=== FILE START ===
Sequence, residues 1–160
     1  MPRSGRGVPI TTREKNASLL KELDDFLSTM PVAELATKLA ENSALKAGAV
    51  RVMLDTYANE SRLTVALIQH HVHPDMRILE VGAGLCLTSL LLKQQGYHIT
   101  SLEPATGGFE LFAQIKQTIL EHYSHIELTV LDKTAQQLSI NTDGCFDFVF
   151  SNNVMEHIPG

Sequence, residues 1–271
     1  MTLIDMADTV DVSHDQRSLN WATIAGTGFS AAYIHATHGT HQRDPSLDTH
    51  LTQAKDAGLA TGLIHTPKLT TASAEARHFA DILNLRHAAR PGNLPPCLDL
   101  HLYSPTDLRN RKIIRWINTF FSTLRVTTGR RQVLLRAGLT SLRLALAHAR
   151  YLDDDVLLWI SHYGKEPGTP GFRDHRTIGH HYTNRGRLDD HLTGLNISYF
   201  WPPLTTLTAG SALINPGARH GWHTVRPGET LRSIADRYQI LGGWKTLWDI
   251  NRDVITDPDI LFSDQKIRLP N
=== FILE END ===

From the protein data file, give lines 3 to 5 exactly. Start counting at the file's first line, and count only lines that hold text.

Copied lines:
    51  RVMLDTYANE SRLTVALIQH HVHPDMRILE VGAGLCLTSL LLKQQGYHIT
   101  SLEPATGGFE LFAQIKQTIL EHYSHIELTV LDKTAQQLSI NTDGCFDFVF
   151  SNNVMEHIPG